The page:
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Comus

god of festivity and revelry. He was the son of Dionysus and served his father as a cup-bearer

In Greek mythology, Comus or Komus is the god of festivity, revels and nocturnal dalliances. He represents anarchy and chaos. During his festivals in Ancient Greece, men and women exchanged clothes.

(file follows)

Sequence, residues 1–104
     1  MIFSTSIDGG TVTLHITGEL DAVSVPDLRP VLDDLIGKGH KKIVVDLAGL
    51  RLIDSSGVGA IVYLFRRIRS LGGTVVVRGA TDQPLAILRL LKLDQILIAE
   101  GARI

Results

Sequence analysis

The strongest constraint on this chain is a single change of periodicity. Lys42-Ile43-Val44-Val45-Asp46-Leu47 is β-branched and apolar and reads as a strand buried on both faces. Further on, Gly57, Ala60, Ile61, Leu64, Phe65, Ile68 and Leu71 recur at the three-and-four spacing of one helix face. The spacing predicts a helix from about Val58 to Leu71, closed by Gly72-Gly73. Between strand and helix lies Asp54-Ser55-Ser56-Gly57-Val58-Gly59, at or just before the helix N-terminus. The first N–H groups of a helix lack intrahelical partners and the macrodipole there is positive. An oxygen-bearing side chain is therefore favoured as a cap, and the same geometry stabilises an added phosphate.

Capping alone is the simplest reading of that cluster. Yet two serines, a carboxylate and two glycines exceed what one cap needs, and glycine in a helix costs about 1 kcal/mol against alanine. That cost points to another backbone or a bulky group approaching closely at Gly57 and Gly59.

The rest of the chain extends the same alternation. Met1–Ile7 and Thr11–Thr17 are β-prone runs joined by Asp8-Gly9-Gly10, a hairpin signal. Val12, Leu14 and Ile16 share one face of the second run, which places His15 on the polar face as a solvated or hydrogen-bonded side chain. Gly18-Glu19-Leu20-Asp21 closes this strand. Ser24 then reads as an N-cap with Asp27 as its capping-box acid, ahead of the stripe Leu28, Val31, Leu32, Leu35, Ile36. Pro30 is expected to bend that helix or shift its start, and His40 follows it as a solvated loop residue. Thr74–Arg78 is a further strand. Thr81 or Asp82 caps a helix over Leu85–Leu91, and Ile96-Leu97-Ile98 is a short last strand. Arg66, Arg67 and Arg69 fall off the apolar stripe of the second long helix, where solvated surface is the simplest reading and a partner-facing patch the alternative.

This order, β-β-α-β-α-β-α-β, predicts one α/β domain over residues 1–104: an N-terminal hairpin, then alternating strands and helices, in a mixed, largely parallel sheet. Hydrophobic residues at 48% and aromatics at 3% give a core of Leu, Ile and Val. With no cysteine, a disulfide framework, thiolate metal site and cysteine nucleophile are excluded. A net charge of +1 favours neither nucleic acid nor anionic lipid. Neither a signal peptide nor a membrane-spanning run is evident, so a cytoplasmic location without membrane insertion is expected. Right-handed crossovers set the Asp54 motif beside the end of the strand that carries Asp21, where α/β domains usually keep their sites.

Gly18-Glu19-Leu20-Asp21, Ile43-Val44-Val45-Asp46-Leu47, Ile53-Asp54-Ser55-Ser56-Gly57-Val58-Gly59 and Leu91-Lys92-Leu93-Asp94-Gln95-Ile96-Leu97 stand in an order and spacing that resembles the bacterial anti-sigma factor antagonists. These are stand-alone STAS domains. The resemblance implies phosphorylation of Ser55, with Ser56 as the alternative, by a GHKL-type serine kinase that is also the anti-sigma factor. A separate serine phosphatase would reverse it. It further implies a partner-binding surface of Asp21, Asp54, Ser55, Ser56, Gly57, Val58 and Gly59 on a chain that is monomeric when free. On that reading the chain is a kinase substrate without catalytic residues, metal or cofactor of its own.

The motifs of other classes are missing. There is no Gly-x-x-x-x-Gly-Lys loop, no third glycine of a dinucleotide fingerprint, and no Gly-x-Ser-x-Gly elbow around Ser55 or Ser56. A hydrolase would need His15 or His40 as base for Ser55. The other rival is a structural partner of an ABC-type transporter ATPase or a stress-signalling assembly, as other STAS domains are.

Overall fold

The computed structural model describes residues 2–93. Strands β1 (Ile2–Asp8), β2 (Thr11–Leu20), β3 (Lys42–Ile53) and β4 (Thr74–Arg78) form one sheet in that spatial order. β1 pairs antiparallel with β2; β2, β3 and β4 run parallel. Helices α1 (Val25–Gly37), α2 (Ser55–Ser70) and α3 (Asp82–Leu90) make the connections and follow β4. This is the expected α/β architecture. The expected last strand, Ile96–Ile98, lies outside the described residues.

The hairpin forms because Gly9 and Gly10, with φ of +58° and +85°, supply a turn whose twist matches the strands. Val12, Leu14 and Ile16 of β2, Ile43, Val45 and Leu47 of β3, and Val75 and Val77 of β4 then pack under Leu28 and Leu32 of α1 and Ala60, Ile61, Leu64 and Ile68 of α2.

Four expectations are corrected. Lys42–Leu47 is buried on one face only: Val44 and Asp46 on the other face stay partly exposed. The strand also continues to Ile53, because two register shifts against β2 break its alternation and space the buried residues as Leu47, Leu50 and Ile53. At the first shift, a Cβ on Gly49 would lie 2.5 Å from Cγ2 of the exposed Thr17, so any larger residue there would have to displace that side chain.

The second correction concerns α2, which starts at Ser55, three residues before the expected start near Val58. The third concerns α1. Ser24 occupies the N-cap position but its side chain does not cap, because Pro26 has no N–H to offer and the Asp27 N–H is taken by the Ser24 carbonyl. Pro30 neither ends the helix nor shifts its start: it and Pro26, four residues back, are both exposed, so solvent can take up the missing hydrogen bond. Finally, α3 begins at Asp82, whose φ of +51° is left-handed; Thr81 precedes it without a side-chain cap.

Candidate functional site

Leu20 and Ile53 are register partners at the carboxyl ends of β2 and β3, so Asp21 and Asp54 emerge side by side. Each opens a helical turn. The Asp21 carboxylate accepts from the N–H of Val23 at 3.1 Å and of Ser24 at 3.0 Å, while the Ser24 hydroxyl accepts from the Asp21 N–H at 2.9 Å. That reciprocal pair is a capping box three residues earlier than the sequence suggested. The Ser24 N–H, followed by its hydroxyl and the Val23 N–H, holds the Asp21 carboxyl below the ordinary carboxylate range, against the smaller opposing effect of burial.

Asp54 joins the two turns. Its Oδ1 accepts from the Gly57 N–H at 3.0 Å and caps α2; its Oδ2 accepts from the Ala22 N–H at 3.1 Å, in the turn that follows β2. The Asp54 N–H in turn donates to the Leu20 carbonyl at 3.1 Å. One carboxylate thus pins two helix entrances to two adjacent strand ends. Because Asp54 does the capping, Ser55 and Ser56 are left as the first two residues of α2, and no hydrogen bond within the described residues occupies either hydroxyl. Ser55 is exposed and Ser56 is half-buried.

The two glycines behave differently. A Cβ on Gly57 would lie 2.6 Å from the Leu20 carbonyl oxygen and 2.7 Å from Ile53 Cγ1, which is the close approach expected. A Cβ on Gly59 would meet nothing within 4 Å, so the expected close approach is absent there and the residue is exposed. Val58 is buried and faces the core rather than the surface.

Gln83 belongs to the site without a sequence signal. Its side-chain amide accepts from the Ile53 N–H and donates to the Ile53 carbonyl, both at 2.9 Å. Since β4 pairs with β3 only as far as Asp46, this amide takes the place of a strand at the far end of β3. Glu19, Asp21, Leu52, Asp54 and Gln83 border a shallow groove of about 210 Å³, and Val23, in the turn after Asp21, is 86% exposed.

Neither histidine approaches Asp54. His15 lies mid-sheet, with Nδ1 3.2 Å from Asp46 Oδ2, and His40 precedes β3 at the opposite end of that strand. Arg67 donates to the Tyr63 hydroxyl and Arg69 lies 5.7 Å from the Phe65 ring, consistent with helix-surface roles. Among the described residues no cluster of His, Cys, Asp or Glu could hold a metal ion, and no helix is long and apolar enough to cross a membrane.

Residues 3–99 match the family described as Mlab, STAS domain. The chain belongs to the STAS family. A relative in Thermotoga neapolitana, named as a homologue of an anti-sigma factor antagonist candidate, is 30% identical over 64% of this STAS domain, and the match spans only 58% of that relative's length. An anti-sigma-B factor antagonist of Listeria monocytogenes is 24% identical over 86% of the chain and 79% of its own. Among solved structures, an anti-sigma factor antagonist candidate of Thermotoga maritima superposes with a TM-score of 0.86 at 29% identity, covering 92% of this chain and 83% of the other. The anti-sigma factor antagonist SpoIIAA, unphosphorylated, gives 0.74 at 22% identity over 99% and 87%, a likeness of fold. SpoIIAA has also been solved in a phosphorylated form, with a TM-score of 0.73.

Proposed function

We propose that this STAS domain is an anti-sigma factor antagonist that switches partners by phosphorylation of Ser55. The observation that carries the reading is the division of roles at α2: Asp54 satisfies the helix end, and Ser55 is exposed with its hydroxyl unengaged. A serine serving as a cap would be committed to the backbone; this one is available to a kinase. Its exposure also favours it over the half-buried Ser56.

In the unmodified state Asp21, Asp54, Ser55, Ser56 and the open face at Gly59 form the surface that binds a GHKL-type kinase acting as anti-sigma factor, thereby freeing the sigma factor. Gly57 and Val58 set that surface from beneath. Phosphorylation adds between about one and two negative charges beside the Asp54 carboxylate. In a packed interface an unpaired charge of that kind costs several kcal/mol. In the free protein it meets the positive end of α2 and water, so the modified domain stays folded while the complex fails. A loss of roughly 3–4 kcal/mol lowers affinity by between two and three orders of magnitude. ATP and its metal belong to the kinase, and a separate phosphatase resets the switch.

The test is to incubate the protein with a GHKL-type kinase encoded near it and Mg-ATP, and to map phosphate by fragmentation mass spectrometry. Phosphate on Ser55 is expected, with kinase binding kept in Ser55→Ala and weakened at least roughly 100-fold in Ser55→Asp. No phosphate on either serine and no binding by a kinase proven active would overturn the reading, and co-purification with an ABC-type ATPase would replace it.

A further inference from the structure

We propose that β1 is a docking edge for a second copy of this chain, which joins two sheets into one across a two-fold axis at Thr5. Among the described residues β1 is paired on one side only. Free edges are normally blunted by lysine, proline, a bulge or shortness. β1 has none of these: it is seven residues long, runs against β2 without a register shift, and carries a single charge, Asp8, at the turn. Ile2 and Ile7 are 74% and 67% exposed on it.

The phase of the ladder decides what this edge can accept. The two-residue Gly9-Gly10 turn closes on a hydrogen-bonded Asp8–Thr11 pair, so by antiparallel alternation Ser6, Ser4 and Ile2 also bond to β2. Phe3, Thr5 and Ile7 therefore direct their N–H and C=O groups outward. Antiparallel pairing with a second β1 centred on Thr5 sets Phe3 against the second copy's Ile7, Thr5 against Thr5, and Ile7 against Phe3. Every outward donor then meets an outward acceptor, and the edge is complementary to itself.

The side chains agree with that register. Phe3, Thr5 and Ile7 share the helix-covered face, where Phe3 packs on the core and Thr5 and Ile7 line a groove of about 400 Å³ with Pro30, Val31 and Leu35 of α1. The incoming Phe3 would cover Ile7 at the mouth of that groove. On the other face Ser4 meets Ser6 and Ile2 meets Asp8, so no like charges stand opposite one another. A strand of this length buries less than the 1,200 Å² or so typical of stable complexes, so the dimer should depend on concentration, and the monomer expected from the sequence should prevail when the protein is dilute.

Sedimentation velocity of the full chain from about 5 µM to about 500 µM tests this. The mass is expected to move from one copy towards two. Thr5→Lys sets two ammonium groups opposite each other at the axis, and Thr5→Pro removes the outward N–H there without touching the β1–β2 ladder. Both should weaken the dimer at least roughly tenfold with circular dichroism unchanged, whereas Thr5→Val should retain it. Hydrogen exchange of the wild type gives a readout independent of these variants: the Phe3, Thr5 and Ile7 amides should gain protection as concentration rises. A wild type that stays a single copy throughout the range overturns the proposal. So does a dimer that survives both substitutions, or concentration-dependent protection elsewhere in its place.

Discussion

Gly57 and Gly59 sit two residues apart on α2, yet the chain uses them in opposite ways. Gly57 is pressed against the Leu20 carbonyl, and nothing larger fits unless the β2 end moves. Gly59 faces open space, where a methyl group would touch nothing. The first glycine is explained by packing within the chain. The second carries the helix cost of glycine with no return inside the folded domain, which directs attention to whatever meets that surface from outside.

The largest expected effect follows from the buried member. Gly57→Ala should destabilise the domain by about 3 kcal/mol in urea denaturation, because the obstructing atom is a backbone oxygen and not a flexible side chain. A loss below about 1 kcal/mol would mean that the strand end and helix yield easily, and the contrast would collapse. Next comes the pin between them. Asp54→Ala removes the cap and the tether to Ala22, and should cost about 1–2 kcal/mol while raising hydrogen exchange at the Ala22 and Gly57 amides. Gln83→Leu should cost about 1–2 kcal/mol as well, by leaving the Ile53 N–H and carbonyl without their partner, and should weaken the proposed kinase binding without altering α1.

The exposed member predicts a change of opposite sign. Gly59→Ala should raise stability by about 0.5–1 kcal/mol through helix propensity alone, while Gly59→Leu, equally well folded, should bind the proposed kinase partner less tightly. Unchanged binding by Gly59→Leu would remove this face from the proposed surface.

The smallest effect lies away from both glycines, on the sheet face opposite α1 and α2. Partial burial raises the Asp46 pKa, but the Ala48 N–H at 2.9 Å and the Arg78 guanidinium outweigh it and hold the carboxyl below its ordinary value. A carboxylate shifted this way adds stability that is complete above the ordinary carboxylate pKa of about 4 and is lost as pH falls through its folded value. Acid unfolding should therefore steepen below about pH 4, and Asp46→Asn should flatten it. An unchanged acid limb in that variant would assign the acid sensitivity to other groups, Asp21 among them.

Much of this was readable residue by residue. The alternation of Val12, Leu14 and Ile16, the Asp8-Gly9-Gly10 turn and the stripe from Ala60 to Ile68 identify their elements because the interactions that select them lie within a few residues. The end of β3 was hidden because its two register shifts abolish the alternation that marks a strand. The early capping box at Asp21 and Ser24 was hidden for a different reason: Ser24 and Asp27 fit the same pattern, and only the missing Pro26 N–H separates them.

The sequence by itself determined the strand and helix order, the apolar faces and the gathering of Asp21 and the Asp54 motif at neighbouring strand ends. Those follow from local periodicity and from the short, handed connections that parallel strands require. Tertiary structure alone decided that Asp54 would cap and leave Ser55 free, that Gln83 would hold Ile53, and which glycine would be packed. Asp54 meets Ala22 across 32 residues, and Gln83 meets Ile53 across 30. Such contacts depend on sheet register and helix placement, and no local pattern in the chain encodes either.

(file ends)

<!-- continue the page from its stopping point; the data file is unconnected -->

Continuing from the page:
He was depicted as a young man on the point of unconsciousness from drink. He had a wreath of flowers on his head and carried a torch that was in the process of being dropped. Unlike the purely carnal Pan or purely intoxicated Bacchus, Comus was a god of excess.

He is a son of Dionysus and Circe.

[1]

Sources

[1] "Hellenica"




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